Advanced Micro Devices, Inc. (AMD) reports fourth quarter earnings after the close on Jan. 29, with analysts expecting the chipmaker to post earnings per share of $0.09 on $1.45 billion in revenues. The stock gapped down and sold off more than 15% in a single session after the October release, with investors abandoning ship following downside revenue guidance. Consensus estimates now sit at the low end of that warning, making it easier to beat expectations.

The October decline ended quickly in the mid-teens, giving way to a bounce that filled the five-point gap ahead of a December downturn into new support. The January uptick has reached the upper half of the four-month trading range, making it easier for a buy-the-news reaction to mount range resistance and confirm a double bottom reversal. In turn, that would set the stage for continued upside into September's 12-year high in the mid-$30s.

However, traders should take a close look at the monthly chart because AMD has entered trend-killing declines from similar price levels three times in the past 22 years. This synchronicity is likely to come into play if the company reports another weak quarter or reduces first quarter guidance. Look for a quick trip into fourth quarter support if that happens, ahead of a breakdown that could reach the 2018 low in the single digits.

AMD Monthly Chart (1984 – 2019)

Monthly technical chart showing the share price performance of Advanced Micro Devices, Inc. (AMD)

The stock finally returned to the 1984 high at $20.56 in 1997 and broke out, but the rally failed, giving way to a decline that found support at $6.38 in 1998. The subsequent bounce went parabolic a few months later, finally stalling in the upper $40s at the height of the internet bubble in 2000. It fell as quickly as it rose, losing more than 45 points in less than two and a half years before bottoming out two points below the 1998 low in October 2002.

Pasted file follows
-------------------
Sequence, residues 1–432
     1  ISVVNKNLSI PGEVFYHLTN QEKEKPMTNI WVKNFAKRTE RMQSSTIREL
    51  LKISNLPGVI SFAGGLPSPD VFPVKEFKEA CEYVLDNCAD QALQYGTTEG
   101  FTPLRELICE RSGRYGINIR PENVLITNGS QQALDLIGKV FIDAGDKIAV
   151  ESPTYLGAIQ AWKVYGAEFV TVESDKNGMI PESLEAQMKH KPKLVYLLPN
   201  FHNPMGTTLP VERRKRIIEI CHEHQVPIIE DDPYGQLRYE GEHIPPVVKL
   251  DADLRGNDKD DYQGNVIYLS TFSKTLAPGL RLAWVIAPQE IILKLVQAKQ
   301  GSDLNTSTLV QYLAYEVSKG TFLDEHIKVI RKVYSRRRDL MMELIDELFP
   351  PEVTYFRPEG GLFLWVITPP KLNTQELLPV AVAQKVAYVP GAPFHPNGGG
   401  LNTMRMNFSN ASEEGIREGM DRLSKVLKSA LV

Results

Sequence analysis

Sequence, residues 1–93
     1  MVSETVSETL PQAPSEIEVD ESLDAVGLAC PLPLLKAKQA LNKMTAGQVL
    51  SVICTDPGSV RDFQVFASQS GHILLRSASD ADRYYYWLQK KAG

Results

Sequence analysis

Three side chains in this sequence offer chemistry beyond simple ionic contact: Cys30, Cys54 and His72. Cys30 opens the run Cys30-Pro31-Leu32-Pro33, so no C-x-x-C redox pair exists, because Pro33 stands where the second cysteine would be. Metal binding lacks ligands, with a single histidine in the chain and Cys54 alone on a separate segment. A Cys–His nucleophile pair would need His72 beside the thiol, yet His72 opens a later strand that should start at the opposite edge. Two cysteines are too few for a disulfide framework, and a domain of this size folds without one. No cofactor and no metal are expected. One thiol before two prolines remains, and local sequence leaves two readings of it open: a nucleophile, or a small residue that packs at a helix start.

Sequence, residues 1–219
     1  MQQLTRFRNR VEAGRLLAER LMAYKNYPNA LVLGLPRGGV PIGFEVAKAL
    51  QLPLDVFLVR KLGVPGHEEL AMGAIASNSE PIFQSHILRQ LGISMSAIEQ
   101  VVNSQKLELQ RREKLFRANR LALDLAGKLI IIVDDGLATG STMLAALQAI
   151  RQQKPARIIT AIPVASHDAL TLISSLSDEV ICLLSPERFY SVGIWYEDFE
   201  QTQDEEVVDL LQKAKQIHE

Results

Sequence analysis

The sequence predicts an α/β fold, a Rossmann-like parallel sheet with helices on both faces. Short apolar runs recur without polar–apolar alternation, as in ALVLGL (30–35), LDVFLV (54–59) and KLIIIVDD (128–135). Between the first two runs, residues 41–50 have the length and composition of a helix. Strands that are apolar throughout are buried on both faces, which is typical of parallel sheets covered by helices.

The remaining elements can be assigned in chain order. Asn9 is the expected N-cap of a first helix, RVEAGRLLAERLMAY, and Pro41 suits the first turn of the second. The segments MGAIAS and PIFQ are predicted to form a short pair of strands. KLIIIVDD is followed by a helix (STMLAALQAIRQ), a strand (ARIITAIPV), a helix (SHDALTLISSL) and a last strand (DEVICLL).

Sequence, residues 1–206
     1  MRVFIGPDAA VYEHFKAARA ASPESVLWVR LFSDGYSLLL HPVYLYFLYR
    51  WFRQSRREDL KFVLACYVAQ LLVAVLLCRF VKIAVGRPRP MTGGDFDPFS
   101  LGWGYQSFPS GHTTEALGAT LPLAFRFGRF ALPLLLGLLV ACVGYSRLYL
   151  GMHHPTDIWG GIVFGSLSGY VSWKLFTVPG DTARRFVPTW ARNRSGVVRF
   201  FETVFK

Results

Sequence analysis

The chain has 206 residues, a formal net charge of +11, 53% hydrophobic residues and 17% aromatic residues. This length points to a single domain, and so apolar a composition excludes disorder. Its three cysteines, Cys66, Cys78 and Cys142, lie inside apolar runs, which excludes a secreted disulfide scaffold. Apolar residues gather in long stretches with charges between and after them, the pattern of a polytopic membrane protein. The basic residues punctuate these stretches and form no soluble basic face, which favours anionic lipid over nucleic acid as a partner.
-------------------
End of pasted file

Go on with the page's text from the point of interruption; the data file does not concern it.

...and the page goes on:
A steady uptick stalled within six points of the 2000 high in 2006, yielding a fresh downturn that accelerated during the 2008 economic collapse. This decline carried further than the prior downtrend, ending in 2009 within a few cents of the 1991 low under $2.00. A quick bounce into the new decade stalled just above $10.00, giving way to successful support tests in 2012 and the fourth quarter of 2015. 

Bitcoin mining mania spread from NVIDIA Corporation (NVDA) to AMD in 2006, generating a powerful uptrend backed by strong buying interest. The uptick paused in 2017 and resumed in 2018, reaching the highest high since 2006 in September, ahead of a correction that has been testing support at the June breakout for the past three months. Meanwhile, the monthly stochastics oscillator crossed into a sell cycle in October and still hasn't reached the oversold level, predicting that relative weakness will persist into the second quarter.

AMD Daily Chart (2017 – 2019)

Daily technical chart showing the share price performance of Advanced Micro Devices, Inc. (AMD) 

Price action into October broke the .618 retracement of the five-month uptrend and whipsawed across that level twice into January 2019. The 200-day exponential moving average (EMA) went horizontal less than one point above the retracement at the same time and has held that orientation while the stock has carved a small-scale triangle at support. This establishes a bullish base that should respond well to an upbeat earnings report next week.

The on-balance volume (OBV) accumulation-distribution indicator dropped from a multi-year high in September but has held well above the July low, indicating loyal sponsorship despite the 50% decline. These shareholders should now hang tough unless the fourth quarter lows break, with that event having the power to trigger a race for the exits. That seems unlikely, given the constructive pattern off the lows, but it's hard to ignore the bearish message of the long-term stochastics cycle.

The Bottom Line

AMD stock has arrived at a major crossroads, with fourth quarter earnings having the potential to trigger a high-percentage rally or decline.

Disclosure: The author held no positions in the aforementioned securities at the time of publication.